Red warning for ‘extreme heat’ as Enfield swelters

Trains cancelled as people are advised to stay indoors if they can, reports James Cracknell

The current Met Office 'red alert' for extreme heat covers all of London
The current Met Office ‘red alert’ for extreme heat covers all of London

A red alert for “exceptional hot weather” is now in effect in Enfield and will last until the end of Tuesday, with temperatures in the east of England looking likely to break the all-time UK record.

The Met Office has warned of “widespread impacts on people and infrastructure” within the red warning area, which covers London, Hertfordshire, plus most of the Midlands and even extending to Manchester and Yorkshire.

It is the first time ever that the Met Office has issued such a strong warning for extreme heat.

The UK temperature record was set in Cambridge just three years ago, on 25th July 2019, when the mercury reached 38.7°C. It is very likely to be surpassed tomorrow, if not today.

Temperatures on Monday morning in Enfield soared well above 30°C, several hours before the late afternoon peak. The maximum for the borough today is predicted to be 37°C, with 39°C being forecast tomorrow. Further north, in parts of the Midlands and into Lincolnshire, temperatures above 40°C are forecast for Tuesday.

Great Northern, the railway company which runs the Hertford Loop line through western Enfield, has responded to the Met Office warning by cancelling all of its trains between Moorgate and Stevenage for Tuesday. Reduced services are running today.

Greater Anglia, which runs services in eastern Enfield, is operating with a 50% reduced timetable for its Hertford East and Liverpool Street trains both today and tomorrow.

London Overground is currently running a normal service, with minor delays caused by the heat, and has not yet made any cancellations. There are also minor delays on the Piccadilly Line for the same reason.

Jake Kelly, Network Rail’s System Operator group director, said: “Rail passengers in England and Wales should only travel if necessary on Monday and Tuesday as there will be delays and cancellations to train services due to the unprecedented heat we’re expecting.

“The wellbeing of our passengers is our first priority so we’re asking all passengers who decide to travel to take time to prepare before leaving the house. Remember to bring a water bottle with you, along with whatever else you need to keep yourself well in the heat. Water bottles can be refilled for free at most Network Rail’s managed stations.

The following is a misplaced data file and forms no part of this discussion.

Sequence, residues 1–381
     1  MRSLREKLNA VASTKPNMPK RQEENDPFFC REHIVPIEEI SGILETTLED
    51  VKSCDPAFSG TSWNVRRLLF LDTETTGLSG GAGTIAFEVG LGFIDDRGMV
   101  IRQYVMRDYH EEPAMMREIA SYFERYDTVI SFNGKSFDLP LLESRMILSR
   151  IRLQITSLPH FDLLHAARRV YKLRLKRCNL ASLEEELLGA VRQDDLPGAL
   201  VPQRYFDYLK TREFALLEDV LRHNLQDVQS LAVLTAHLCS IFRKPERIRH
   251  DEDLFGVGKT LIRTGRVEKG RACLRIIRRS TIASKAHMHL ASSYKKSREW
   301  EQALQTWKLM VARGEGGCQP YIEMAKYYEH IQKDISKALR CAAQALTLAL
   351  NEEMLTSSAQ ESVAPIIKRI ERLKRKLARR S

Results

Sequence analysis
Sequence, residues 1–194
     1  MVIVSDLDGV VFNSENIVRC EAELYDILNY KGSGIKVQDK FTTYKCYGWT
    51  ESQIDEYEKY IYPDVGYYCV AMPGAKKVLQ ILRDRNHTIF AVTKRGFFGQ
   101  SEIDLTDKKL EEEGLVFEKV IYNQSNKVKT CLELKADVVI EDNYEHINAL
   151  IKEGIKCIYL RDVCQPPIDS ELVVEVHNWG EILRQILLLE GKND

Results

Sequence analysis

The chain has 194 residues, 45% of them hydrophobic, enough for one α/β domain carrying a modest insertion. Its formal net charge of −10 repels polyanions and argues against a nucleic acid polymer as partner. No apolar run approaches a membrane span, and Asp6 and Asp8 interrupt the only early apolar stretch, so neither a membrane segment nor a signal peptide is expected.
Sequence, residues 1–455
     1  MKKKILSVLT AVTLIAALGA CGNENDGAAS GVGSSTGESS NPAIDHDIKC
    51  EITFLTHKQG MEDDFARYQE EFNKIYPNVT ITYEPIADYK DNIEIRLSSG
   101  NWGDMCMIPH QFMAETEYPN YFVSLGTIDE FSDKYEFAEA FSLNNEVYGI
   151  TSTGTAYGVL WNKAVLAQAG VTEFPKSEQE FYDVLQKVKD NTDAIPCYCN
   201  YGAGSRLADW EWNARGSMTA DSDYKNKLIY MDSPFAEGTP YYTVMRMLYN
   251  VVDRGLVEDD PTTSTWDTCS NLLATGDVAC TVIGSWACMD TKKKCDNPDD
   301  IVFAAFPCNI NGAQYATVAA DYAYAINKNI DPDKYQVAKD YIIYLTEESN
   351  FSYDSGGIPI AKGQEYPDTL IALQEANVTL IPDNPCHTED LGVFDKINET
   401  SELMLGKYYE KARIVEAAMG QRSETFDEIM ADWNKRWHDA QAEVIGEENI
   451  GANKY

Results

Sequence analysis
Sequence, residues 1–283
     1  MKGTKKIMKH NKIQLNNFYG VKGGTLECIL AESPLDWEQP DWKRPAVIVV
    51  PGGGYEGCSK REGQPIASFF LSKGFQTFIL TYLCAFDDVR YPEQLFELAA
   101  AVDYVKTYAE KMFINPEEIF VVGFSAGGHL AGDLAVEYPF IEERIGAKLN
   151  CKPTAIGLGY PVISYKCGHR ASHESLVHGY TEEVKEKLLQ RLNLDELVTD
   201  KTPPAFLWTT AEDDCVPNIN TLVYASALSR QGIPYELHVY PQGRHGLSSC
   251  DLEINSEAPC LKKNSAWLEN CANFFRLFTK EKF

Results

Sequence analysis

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“Journeys will take significantly longer and delays are likely as speed restrictions are introduced to keep passengers and railway staff safe, so make sure to allow considerably more time to complete your journey and be prepared for very hot conditions.

“We’re working closely with MetDesk to monitor forecasts and adapt our plans, and with our train operator colleagues to make sure we can get passengers who need to travel to their destinations safely.”

The advice from the Met Office is that “substantial changes in working practices and daily routines will be required”. They say there is a high risk of failure of heat-sensitive systems and equipment, potentially leading to localised loss of power and other essential services, such as water or mobile phone services.

Paul Gundersen, the Met Office’s chief meteorologist, said: “Exceptional, perhaps record-breaking temperatures are likely, quite widely across the red warning area on Monday, and focused a little more east and north on Tuesday. Currently there is a 50% chance we could see temperatures top 40°C and 80% we will see a new maximum temperature reached.

“Nights are also likely to be exceptionally warm, especially in urban areas. This is likely to lead to widespread impacts on people and infrastructure. Therefore, it is important people plan for the heat and consider changing their routines. This level of heat can have adverse health effects.”

The current European heatwave is being blamed on anthropogenic climate change, caused by burning fossil fuels, which scientists say has made extreme heat far more likely than it was previously.

For the latest warnings from the Met Office:

For the latest updates from Great Northern (via parent company Govia Thameslink):

For the latest updates from Greater Anglia:

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